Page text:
Teresa: This is actually a huge narrative right now because Marty Cagan went on Lenny Rachitsky’s podcast and he called out individual contributors and said, “You’re responsible for changing your organization, but Marty didn’t really say that. What Marty said was, “If you want to be successful in the market moving forward, you need to start learning these new ways of working.” And I actually agree 100% with Marty. What I don’t think he said, but people thought he said was you’re responsible for transforming your organization. In fact, he said, “You can’t transform an organization without a CEO on board driving the transformation and an individual contributor is not likely to convince that CEO unless you’re at a small company.” What does that look like? Okay, I work at an organization where they don’t work this way at all. The CEO is not interested in transformation. How am I supposed to follow Marty’s advice of I need to learn these skills to be individually successful in my career moving forward? Well, one of the things I tried to do with the book is to say, “Look, these habits are easier to adopt in an organization where your leadership thinks this way, but even if your leadership doesn’t think this way and your organization doesn’t work this way, you individually have a lot of agency around the way that you work and you can start to adopt these habits on your own. And when you do that, even in an organization that does not care about these habits at all, you will get better at your job.” I think everybody, regardless of where they work, if they get better at identifying their own assumptions, even if they can’t test them, they’re going to get better at the way that they work. If they can find a way to get some exposure to customers, they’re going to be better at their work. If they can start to think about what outcomes matter to their organization, even if their leaders aren’t thinking and outcomes, they’re going to get better at the way that they work. What Marty was trying to communicate is you have more agency than you think. You can start to adopt these habits. It may never change your organization, but you can still change the way that you work.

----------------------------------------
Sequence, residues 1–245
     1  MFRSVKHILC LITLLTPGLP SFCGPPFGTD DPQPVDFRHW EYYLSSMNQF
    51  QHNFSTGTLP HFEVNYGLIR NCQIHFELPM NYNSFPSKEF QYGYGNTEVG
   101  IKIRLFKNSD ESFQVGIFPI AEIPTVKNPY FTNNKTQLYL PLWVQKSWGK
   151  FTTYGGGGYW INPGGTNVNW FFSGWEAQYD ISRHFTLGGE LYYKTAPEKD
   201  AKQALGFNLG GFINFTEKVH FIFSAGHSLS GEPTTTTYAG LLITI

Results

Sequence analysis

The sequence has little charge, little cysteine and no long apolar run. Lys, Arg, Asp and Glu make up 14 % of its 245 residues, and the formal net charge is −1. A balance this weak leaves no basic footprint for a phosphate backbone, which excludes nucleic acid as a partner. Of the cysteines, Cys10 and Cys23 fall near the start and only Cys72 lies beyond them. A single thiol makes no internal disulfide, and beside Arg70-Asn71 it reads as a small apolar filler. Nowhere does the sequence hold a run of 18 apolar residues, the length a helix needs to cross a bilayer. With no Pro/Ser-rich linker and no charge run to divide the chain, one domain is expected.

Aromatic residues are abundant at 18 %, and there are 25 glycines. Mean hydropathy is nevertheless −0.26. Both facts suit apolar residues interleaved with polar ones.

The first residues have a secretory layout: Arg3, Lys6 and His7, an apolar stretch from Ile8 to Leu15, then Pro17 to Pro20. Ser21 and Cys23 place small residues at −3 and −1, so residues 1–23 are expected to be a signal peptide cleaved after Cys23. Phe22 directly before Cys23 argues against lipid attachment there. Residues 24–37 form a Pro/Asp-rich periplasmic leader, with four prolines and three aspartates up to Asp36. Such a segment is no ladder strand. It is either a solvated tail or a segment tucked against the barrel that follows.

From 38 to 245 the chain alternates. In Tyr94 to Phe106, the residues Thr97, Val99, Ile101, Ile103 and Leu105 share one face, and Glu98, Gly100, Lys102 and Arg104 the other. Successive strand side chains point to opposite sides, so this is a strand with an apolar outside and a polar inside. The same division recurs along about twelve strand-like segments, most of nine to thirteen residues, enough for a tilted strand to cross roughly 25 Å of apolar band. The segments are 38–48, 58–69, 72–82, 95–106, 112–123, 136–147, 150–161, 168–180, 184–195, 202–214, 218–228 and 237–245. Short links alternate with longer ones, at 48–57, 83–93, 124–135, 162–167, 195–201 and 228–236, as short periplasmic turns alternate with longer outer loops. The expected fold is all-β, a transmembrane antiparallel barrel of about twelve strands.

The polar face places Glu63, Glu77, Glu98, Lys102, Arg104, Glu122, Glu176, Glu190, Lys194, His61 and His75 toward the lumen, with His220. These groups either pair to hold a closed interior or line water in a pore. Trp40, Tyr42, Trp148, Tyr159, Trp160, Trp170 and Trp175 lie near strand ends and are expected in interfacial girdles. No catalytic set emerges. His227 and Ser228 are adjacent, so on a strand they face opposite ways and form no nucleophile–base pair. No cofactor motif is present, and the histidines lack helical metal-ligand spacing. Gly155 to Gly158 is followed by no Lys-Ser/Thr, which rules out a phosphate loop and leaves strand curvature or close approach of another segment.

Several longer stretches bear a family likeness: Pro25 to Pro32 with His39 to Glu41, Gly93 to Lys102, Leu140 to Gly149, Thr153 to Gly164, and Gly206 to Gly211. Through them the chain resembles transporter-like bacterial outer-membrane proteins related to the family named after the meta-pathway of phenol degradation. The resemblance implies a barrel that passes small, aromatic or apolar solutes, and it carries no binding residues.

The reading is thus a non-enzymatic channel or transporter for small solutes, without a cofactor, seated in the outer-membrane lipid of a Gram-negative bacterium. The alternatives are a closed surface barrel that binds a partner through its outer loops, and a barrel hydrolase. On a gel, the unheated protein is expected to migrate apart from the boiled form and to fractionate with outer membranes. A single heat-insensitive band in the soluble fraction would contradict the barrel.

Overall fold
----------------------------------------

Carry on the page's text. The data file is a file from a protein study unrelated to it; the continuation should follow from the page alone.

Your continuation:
Allen: When the worst-case scenario is you learn some useful skills and have more impact, which is then, of course, how you’re going to get your next role when people see like…

Teresa: Absolutely.

Allen: This person is having a big impact and they’re building stuff the customers actually want and maybe the rest of the organization is a challenge. I like that mindset.